Tony Bennett, the renowned and timeless stylist celebrated for his devotion to classic American songs and ability to create new standards, such as the beloved “I Left My Heart In San Francisco,” passed away on Friday at 96, just two weeks short of his birthday.

Publicist Sylvia Weiner confirmed Bennett’s death in his hometown of New York. While there was no specific cause mentioned, it’s known that Bennett had been battling Alzheimer’s disease since 2016.

Throughout his decades-long career, Tony Bennett stood out as the last of the great saloon singers from the mid-20th century. He often expressed his lifelong ambition to build “a hit catalog rather than hit records.” This dedication to his craft led him to release more than 70 albums, resulting in an impressive 19 competitive Grammy Awards – most of which he earned after reaching his 60s. His immense talent and passion for music earned him deep and lasting admiration from fans and fellow artists.

Unlike some of his contemporaries, Bennett didn’t merely perform songs; he allowed the music to speak through him. He effortlessly interpreted pieces from iconic songwriters like the Gershwins, Cole Porter, Irving Berlin, and Jerome Kern. His style diverged from his friend and mentor Frank Sinatra, as he preferred to lend his touch to a song rather than embodying it fully. Despite lacking the high drama of Sinatra’s performances, Bennett’s courtly and easy manner, along with his extraordinarily rich and enduring voice – which he humbly described as “A tenor who sings like a baritone” – made him a master at caressing ballads or adding charm to up-tempo numbers.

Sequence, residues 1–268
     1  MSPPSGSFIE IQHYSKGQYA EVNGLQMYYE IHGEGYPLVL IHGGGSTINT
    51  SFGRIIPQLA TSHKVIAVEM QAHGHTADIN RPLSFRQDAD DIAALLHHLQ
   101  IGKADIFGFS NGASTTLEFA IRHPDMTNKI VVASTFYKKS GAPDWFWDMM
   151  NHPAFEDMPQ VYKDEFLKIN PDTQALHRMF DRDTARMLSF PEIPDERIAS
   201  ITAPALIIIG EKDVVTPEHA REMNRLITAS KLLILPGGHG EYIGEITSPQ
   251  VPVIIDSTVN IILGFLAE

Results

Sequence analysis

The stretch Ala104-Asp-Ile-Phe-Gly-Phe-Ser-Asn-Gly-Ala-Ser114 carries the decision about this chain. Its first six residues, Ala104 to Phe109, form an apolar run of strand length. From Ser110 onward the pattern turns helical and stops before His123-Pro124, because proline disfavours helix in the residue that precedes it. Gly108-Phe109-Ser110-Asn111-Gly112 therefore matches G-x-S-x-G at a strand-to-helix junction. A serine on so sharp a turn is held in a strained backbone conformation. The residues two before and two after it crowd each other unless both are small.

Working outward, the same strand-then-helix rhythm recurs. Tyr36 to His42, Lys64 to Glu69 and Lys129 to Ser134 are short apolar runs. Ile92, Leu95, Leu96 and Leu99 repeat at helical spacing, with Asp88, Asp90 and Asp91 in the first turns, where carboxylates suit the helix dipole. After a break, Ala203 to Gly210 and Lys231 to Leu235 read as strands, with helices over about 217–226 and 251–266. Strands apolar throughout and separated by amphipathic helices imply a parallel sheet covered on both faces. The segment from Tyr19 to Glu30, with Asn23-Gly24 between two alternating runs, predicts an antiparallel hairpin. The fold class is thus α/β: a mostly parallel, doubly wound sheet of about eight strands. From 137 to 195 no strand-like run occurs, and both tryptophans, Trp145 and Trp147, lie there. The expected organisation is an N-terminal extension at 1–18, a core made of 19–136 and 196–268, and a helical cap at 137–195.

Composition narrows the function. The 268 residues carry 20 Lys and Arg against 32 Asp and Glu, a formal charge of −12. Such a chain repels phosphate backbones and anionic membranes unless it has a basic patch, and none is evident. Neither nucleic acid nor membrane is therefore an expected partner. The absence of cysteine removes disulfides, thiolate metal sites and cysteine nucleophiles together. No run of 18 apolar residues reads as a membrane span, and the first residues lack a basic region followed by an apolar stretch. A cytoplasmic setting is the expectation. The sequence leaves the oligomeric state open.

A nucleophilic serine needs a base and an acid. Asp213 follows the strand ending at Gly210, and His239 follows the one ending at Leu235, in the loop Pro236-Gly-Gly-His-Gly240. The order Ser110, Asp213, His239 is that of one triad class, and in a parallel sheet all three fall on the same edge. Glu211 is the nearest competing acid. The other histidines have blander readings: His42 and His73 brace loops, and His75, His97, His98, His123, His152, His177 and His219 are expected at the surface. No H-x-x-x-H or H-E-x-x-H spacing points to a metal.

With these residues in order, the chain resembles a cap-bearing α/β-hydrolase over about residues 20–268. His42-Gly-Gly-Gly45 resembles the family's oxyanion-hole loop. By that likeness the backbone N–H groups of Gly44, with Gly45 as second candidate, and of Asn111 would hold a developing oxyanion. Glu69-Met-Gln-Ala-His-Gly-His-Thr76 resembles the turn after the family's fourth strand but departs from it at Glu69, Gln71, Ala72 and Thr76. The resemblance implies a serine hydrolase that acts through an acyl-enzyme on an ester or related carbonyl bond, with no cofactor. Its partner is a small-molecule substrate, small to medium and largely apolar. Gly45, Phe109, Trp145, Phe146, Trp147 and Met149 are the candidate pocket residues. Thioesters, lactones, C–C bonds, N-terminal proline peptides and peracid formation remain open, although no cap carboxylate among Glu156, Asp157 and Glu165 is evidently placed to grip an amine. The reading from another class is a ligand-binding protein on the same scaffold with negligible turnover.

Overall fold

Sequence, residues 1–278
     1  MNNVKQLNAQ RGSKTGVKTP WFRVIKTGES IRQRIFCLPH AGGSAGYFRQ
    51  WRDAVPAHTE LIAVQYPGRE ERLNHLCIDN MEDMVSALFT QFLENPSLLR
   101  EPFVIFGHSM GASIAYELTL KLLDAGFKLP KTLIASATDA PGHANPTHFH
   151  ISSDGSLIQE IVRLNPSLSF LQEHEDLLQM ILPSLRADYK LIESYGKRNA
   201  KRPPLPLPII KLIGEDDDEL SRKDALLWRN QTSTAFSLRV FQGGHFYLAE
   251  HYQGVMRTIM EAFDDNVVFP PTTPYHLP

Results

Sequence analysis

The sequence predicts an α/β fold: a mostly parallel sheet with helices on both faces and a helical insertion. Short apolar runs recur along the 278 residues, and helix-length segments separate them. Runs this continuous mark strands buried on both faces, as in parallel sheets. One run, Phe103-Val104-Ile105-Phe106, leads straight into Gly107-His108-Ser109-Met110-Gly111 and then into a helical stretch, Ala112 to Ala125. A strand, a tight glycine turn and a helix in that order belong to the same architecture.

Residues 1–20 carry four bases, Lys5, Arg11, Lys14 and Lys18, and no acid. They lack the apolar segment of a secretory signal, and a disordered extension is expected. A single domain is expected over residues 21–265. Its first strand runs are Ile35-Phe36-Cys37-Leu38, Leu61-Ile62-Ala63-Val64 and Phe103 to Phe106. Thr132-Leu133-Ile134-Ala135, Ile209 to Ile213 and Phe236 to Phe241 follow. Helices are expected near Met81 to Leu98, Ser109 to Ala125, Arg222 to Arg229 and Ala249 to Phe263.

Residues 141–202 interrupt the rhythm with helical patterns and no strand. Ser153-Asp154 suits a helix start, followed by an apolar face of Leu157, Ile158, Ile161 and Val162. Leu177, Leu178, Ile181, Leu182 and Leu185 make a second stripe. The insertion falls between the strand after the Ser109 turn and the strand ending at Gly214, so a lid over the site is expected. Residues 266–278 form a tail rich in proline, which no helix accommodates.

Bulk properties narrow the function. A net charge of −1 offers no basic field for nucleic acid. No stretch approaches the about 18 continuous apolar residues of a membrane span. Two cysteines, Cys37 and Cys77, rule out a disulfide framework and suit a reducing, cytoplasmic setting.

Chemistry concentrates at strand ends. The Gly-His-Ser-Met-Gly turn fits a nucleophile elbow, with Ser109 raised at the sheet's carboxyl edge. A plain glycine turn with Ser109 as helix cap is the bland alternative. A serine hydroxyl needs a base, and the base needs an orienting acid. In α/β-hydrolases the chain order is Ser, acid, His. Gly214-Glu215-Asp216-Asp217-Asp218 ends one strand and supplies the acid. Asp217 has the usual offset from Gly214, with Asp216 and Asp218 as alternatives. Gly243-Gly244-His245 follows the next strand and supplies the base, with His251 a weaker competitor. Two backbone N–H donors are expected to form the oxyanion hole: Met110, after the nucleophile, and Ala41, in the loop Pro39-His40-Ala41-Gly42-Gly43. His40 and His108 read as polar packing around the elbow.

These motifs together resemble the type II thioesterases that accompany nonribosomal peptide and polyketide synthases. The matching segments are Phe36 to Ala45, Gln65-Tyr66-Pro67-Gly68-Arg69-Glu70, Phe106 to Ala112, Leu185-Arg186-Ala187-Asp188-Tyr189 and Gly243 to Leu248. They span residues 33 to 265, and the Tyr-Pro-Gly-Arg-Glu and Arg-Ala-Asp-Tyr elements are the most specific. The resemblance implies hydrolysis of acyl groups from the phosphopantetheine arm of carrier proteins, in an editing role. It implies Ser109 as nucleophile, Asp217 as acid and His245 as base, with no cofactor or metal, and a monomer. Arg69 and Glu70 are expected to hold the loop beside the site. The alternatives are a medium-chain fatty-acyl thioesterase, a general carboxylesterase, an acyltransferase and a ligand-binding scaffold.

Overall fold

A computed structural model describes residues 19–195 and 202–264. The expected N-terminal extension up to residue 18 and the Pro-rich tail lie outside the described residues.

When asked about his performances, Bennett told The Associated Press in 2006, “I enjoy entertaining the audience, making them forget their problems. I think people… are touched if they hear something sincere and honest and maybe has a little sense of humor… I like to make people feel good when I perform.”

His talents earned him praise from his peers, with none more meaningful than the accolades bestowed by Frank Sinatra during a 1965 Life magazine interview. Sinatra declared, “For my money, Tony Bennett is the best singer in the business. He excites me when I watch him. He moves me. He’s the singer who understands what the composer has in mind and probably a little more.”

Bennett’s artistry not only endured the rise of rock music but also attracted new fans and collaborators, some young enough to be his grandchildren. At the impressive age of 88, Bennett broke his record as the oldest living performer to have a No. 1 album on the Billboard 200 chart with “Cheek to Cheek,” his duet project with Lady Gaga in 2014. Three years earlier, he had topped the charts with “Duets II,” featuring contemporary stars such as Gaga, Carrie Underwood, and the late Amy Winehouse, who gave her final studio recording for the album. Their collaboration was showcased in the Oscar-nominated documentary “Amy,” where Bennett patiently supported the young and insecure singer during their performance of “Body and Soul.”

In 2021, Bennett released his final album, “Love for Sale,” featuring duets with Lady Gaga on the title track, “Night and Day,” and other classics from Porter’s repertoire.

Tony Bennett’s death marks the end of an era for American music. His timeless contributions and his ability to bridge generations through his artistry will be cherished and remembered by music enthusiasts worldwide. As we mourn the loss of this legendary singer, we celebrate the lasting impact he has made on the world of music and the hearts of his many fans.

David M. Higgins II is an award-winning journalist passionate about uncovering the truth and telling compelling stories. Born in Baltimore and raised in Southern Maryland, he has lived in several East...

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